In the past, coding was not seen to be as important as it is now. Some schools view coding now as an essential skill that their students need to learn, just like a foreign language or how to change oil in a car. It is a 21st century job skill that has not received the attention it deserves. Organizations like appendTo have been assisting in training teams on coding technologies, but its not enough. Just one in ten schools offers computer programming classes, and 40 out of 50 states do not consider computer science classes to be important enough to count towards math and science graduation credits, states the eSchoolNews website.

According to eSchoolNews, [C]omputer science is the highest-paid college degree, and jobs in computer programming are growing at two times the national averageâbut despite that, fewer than 2.4 percent of college students graduate with a degree in computer science. This information comes from Code.org statistics, a leader in the movement to get coding into public schools.

Businesses are clamoring for students to be proficient coders when they leave college, says eSchoolNews. They should start learning how to code earlier than in university, however. The younger students are, the better chance they will have of learning the basics and then mastering the latest techniques and technologies as they get older. This also gives them more time to innovate and create their own apps and websites.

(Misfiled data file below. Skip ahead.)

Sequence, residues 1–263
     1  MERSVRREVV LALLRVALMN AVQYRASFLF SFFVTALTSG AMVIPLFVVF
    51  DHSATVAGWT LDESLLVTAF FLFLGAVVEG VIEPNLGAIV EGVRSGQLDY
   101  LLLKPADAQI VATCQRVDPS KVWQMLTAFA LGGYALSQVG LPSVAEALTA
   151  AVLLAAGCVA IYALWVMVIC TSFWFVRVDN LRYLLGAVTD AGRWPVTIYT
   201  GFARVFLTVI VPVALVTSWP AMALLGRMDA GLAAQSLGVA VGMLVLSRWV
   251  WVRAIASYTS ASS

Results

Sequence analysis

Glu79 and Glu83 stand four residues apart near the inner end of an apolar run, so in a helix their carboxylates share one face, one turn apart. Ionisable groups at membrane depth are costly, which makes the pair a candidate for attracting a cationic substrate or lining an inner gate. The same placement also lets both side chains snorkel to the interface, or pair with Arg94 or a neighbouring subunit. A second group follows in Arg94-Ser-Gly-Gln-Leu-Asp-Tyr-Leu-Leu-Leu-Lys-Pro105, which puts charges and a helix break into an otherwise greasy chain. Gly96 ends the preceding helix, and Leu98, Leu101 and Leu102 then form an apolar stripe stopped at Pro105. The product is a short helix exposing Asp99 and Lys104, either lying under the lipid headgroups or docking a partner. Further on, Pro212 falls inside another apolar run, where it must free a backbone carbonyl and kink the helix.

As students see coding in their schools, the goal is for some of them to want to study coding in college and then to work in computer science after graduation. This can fill some of the need for computer scientists, programmers, coders, etc. in the world of information technology. Businesses need these professionals to succeed, and showing kids the wonders of coding from an early age is the key.
Educators are beginning to realize the importance of coding. They are starting to integrate it into the mainstream curriculum and to give students graduation credits for taking computer science courses. The impact of this on the economy can be large. Given the great need for professionals knowledgeable in coding, it makes sense that education is finally taking the situation seriously.

In the past, coding was not seen to be as important as it is now. Some schools view coding now as an essential skill that their students need to learn, just like a foreign language or how to change oil in a car. It is a 21st century job skill that has not received the attention it deserves. Organizations like appendTo have been assisting in training teams on coding technologies, but its not enough. Just one in ten schools offers computer programming classes, and 40 out of 50 states do not consider computer science classes to be important enough to count towards math and science graduation credits, states the eSchoolNews website.

According to eSchoolNews, [C]omputer science is the highest-paid college degree, and jobs in computer programming are growing at two times the national averageâbut despite that, fewer than 2.4 percent of college students graduate with a degree in computer science. This information comes from Code.org statistics, a leader in the movement to get coding into public schools.